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Heritage properties are a tricky listing to own. Whether it’s a school, a church, a building, or a private property like a house, as an owner, you have an obligation to keep the property in mint condition and not let it fall into disrepair. And even though you may think it’s an extremely responsible, daily task, it’s actually fairly easy. All you need to do is proper maintenance every once in a while, and, unlike many other property owners, make sure it’s up to the city or state’s heritage code.
So, you’ve come to the point where the property needs some refurbishing. Where do you even begin? Before starting with all the permit requests, make a list of all the repairs and touch-ups. Then sort them into a list of priorities. Anything from possible flooding damage and wall structure weakening, to a new coat of paint to the exterior, or installing a new fountain or pathway in the front yard. Don’t fret – whatever you feel would work in the overall aesthetics, list it. Then you start considering the City/State regulations.
As a heritage property owner, you have a duty and obligation to not only preserve that property but also to announce and present your plans to the Heritage Committee. Firstly, you should check which interior works require permission, and which ones don’t. Every Committee has a website with general guidelines, so this should be your first filter. Secondly, check if you want to refurbish something aesthetic, or functional – like upgrading the aged plumbing system. All of these will require different permits. Failing to acquire them will result in fines at best, and eviction at worst. So, let’s see what you should pay attention to.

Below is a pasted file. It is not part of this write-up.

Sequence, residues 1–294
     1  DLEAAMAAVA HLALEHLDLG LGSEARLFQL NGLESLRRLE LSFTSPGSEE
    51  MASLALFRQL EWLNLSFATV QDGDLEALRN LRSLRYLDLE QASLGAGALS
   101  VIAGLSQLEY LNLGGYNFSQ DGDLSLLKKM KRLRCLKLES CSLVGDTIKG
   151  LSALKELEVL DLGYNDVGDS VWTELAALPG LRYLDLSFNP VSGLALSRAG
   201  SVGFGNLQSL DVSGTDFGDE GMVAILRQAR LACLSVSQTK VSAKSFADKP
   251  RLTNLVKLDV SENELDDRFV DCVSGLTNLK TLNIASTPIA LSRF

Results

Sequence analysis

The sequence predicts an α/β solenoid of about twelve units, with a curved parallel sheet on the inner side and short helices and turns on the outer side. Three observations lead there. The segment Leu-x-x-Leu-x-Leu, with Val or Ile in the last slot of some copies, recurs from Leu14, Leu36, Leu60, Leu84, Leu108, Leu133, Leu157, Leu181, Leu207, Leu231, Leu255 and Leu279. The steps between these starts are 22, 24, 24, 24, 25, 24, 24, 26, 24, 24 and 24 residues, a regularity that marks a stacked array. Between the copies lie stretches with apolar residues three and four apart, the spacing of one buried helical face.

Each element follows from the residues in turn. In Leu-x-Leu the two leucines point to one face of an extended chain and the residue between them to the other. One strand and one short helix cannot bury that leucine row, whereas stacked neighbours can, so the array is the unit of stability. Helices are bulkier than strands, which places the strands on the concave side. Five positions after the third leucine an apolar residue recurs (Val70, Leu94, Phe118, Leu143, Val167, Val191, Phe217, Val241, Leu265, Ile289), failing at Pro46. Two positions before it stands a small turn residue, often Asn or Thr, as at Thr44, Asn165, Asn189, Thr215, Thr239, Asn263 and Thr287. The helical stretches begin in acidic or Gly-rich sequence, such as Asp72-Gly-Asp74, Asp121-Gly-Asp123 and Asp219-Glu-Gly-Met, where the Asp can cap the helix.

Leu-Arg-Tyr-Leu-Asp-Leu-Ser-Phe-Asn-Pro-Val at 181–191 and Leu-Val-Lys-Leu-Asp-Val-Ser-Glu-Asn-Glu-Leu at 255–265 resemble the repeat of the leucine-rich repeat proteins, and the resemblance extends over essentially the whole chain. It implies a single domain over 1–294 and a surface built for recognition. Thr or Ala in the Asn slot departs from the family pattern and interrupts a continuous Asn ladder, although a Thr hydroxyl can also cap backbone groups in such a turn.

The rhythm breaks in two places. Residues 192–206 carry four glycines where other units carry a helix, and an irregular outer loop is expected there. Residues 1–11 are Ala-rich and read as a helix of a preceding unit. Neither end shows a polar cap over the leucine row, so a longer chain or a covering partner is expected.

With walls, you want to be extra careful. Depending on the era your property was built in, it can have various wall finishes. Victorian houses can have cement details, with painted stucco walls, while Interwar dwellings have dark, often patterned bricks. You will want to find a contractor who will understand the aesthetics and building codes of that era before starting any work. Especially if you want to modernize your property, without losing its old flair. Luckily, repainting of a heritage property most often doesn’t require any permits and allows the owner freedom.
The roof can perhaps be the trickiest aspect of a property to maintain. Aside from the façade and the garden, it’s the most visible part of the house (building, school, or church). What you can do, without the need for permits, is cleaning out the gutters, chimneys, and overall clean-up of the roof tiles themselves. However, when the elements begin to damage the roof and threaten their decay, you might want to start thinking about professional help. What you will need are Committee approved that will not only maintain the image of the property but also strengthen it for decades to come.
Gardens and fences are the face of the property, along with the porch. Do a research online on the style of front yards and gardens in that particular era in which your property was built. Also go through public records for old photos, plans and documents to ensure you can refurbish the entire front according to code. Brush up on the types of plants, garden décor, and materials for fences that were used up to now.
Perhaps the most important note – when you hire professional crews, be aware that certain problems will arise, that you haven’t seen before. For example, fixing up the roof might reveal an issue with the ceiling beams. Or, while repairing the foundations, you encounter damaged or outdated plumbing. This is why it’s always best to hire heritage professionals who will already be prepared for the worst-case scenario and give an expert assessment.
As silly as it sounds, don’t try to fret about your heritage property as if it’s a fragile egg. Yes, you have a great responsibility on your hands, but it’s far from mission impossible. Always have the deed with you, and be aware of the kind of house your property is. Familiarize yourself completely, because only that will help you keep it in tip-top shape. You are not just a property owner, but a city heritage protector.